Uncle Tom's Cabin, if racist by modern standards, is at least clearly anti-slavery: Stowe's intent in writing the novel, as she states in her Preface, is "to awaken sympathy and feeling for the African race, as they exist among us" (Stowe xviii). In her...
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...atest need of positive and active role models. In only portraying Northern women who were ultimately able to act (and with Stowe's praise), she ends up perpetuating beliefs that Southern women were naturally unsuited to engage in the abolitionist cause.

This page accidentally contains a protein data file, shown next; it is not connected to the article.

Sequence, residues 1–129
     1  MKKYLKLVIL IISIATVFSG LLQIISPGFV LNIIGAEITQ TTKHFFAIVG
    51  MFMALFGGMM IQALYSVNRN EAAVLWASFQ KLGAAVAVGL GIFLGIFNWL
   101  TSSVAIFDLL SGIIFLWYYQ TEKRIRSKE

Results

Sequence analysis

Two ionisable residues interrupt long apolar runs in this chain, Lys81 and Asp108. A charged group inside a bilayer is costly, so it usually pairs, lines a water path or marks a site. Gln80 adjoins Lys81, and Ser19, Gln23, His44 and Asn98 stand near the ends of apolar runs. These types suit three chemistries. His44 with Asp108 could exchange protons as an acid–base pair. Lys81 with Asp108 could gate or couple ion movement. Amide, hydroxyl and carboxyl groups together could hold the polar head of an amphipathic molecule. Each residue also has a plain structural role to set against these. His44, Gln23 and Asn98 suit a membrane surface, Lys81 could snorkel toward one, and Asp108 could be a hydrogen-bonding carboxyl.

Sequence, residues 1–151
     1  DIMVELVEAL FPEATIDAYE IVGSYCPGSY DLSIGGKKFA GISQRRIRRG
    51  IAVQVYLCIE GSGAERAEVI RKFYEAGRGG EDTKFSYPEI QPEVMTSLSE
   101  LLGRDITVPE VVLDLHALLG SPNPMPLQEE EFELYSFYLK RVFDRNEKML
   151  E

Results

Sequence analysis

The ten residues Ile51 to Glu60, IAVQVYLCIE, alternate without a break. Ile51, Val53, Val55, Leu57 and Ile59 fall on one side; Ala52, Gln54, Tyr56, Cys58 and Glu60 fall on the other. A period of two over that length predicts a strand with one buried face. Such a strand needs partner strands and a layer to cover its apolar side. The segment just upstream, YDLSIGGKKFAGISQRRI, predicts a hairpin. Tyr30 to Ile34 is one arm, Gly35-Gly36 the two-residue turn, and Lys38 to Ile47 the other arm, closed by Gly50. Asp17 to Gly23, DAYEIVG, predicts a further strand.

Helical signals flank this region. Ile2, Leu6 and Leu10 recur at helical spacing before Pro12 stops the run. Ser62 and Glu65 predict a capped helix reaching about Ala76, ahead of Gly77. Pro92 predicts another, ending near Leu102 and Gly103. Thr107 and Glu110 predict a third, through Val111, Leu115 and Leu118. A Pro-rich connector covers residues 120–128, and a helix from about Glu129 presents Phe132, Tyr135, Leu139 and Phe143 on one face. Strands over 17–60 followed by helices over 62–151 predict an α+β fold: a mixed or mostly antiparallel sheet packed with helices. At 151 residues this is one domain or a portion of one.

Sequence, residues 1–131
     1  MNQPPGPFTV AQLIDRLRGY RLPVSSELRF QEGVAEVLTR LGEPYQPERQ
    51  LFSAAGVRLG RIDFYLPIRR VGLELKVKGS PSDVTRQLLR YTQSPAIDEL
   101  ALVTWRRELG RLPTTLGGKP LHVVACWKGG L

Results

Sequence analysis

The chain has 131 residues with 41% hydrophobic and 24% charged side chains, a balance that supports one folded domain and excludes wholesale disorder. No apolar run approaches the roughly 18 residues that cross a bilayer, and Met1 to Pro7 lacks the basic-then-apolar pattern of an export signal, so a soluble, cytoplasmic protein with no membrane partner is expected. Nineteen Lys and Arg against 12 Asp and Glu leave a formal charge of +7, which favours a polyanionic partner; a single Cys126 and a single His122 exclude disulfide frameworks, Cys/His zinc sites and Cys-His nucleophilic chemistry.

Beecher, Catharine. "Essay on Slavery and Abolitionism." The Limits of Sisterhood: The Beecher Sisters on Women's Rights and Woman's Sphere. ed. Jeanne Boydston et. al. Chapel Hill: U of North Carolina P, 1988. 125-129
Cain, William E., ed. Nathaniel Hawthorne's The Blithedale Romance. Boston: Bedford Books of St. Martin's P, 1996.
Grimke, Angelina. "Appeal to the Christian Women of the South." The Public Years of Sarah and Angelina Grimké: Selected Writings 1835- 1839. ed. Larry Ceplair. NY: Columbia U P, 1989. 36-89.
Stowe, Harriet Beecher. Uncle Tom's Cabin. NY: Bantam Books, 1981.
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